Tighe voiced Roy DeSoto on the animated spin-off Emergency +4. and narrated an episode about the work of paramedics in LA County with Mantooth on NBC's Go! During the series' run and after it was cancelled, Tighe became and remained friends with Mantooth as well as London and Troup. Tighe served as a best man at Mantooth's second wedding in 2002. Through his friendship with Troup and London, who were married to each other as well as recording artists prior to being cast on the show, Tighe had the opportunity to meet well known jazz musicians and artists. Both Tighe and Mantooth appear in the video presentation The Pioneers of Paramedicine Story, a project done in conjunction with the Los Angeles County Fire Museum. Filmed in 2001 with additional scenes filmed in 2013, the video is a documentation of the history of pre-hospital medicine. Tighe was an honorary committee member on Project 51 and its efforts to honor Emergency!'s legacy. Tighe compiled a brief history of American EMS for the project.
Roy DeSoto's uniform, along with some of the medical equipment used on the show was ind
Stéphane Rousseau is a Canadian actor and comedian. He starred in the Academy Award-winning film The Barbarian Invasions, he has been in Asterix at the Olympic Games. His latest movies is the French comedy Fatal, a Zoolander-type spoof of the music industry focusing on the character Fatal Bazooka created by Michaël Youn, he and ex-wife, Maud Saint-Germain, had their first child, a son, Axel Saint-Germain-Rousseau on December 25, 2008. Stéphane Rousseau on IMDb
Quebec is one of the thirteen provinces and territories of Canada. It is bordered to the west by the province of Ontario and the bodies of water James Bay and Hudson Bay. S. states of Maine, New Hampshire and New York. It shares maritime borders with Nunavut, Prince Edward Island, Nova Scotia. Quebec is Canada's largest province by its second-largest administrative division, it is and politically considered to be part of Central Canada. Quebec is the second-most populous province of Canada, after Ontario, it is the only one to have a predominantly French-speaking population, with French as the sole provincial official language. Most inhabitants live in urban areas near the Saint Lawrence River between Montreal and Quebec City, the capital. Half of Quebec residents live in the Greater Montreal Area, including the Island of Montreal. English-speaking communities and English-language institutions are concentrated in the west of the island of Montreal but are significantly present in the Outaouais, Eastern Townships, Gaspé regions.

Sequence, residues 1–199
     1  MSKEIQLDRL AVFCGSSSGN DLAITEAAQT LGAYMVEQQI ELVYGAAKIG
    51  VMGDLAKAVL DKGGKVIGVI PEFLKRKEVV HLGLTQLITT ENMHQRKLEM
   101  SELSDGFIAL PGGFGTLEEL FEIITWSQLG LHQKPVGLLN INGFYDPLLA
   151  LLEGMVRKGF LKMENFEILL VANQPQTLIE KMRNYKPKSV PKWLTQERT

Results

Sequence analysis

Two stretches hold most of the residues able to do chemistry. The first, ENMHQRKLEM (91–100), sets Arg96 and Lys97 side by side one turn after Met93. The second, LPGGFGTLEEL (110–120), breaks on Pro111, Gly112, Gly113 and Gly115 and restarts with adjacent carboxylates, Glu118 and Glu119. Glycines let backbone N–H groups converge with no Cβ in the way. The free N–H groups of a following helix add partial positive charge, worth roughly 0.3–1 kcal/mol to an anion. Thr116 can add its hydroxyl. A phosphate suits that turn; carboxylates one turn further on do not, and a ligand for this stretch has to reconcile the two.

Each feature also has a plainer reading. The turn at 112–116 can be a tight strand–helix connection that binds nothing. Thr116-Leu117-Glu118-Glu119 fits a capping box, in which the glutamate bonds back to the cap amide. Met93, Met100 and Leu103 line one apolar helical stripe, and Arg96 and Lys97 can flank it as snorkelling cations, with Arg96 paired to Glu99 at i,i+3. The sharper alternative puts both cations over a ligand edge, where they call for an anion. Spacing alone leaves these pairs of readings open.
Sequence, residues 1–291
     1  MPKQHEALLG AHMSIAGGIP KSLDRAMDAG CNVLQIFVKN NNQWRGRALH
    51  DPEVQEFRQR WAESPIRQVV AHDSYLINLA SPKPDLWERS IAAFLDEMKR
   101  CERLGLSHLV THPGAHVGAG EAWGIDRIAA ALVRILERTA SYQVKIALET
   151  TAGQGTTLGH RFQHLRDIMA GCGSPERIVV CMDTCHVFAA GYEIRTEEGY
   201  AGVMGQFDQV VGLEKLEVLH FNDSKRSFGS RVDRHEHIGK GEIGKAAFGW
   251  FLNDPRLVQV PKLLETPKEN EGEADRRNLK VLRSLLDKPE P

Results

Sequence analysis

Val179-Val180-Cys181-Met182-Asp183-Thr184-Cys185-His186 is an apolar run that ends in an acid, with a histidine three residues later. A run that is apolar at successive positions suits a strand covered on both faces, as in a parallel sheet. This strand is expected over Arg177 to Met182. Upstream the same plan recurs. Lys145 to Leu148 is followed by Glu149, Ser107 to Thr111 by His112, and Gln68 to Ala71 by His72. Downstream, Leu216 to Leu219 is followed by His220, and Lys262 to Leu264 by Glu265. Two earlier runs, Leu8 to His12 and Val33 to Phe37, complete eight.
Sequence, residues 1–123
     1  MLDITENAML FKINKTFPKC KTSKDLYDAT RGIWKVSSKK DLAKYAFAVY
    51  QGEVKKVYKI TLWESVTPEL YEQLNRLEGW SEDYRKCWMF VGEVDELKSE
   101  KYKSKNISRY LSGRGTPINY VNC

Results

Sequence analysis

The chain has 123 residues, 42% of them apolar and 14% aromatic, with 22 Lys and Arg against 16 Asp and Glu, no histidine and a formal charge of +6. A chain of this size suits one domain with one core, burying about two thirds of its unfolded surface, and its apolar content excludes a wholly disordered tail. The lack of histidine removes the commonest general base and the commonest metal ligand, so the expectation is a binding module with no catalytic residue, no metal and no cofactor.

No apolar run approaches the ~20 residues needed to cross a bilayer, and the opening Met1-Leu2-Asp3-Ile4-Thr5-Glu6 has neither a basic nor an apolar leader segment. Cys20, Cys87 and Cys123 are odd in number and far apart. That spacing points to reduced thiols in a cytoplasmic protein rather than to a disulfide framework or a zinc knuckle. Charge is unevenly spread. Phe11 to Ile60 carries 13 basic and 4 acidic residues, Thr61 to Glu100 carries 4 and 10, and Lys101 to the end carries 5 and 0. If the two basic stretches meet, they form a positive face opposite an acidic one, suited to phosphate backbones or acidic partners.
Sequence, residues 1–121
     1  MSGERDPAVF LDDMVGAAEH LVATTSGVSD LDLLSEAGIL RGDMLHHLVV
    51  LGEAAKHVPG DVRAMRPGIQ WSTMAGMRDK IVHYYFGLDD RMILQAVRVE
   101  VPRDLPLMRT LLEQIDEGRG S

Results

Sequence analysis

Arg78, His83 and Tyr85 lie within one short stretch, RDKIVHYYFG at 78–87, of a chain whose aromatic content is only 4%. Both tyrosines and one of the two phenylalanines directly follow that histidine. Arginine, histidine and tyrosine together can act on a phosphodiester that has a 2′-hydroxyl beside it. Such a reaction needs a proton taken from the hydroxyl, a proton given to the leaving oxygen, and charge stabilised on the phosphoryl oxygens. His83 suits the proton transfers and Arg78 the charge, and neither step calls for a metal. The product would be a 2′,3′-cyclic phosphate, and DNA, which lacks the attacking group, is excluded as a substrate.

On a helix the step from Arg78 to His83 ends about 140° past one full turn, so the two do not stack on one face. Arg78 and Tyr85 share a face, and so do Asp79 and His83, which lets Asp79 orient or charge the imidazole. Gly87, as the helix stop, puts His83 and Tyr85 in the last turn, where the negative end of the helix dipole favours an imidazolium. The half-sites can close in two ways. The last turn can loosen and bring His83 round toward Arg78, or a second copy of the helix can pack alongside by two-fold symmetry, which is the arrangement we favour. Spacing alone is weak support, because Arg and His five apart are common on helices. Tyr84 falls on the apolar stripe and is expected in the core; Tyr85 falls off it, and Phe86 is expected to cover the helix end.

The Nord-du-Québec region, occupying the northern half of the province, is sparsely populated and inhabited by Aboriginal peoples. The climate around the major cities is four-seasons continental with cold and snowy winters combined with warm to hot humid summers, but farther north long winter seasons dominate and as a result the northern areas of the province are marked by tundra conditions. In central Quebec, at comparatively southerly latitudes, winters are severe in inland areas. Quebec independence debates have played a large role in the politics of the province. Parti Québécois governments held referendums on sovereignty in 1980 and 1995. Although neither passed, the 1995 referendum saw the highest voter turnout in Quebec history, at over 93%, only failed by less than 1%. In 2006, the House of Commons of Canada passed a symbolic motion recognizing the "Québécois as a nation within a united Canada". While the province's substantial natural resources have long been the mainstay of its economy, sectors of the knowledge economy such as aerospace and communication technologies and the pharmaceutical industry play leading roles.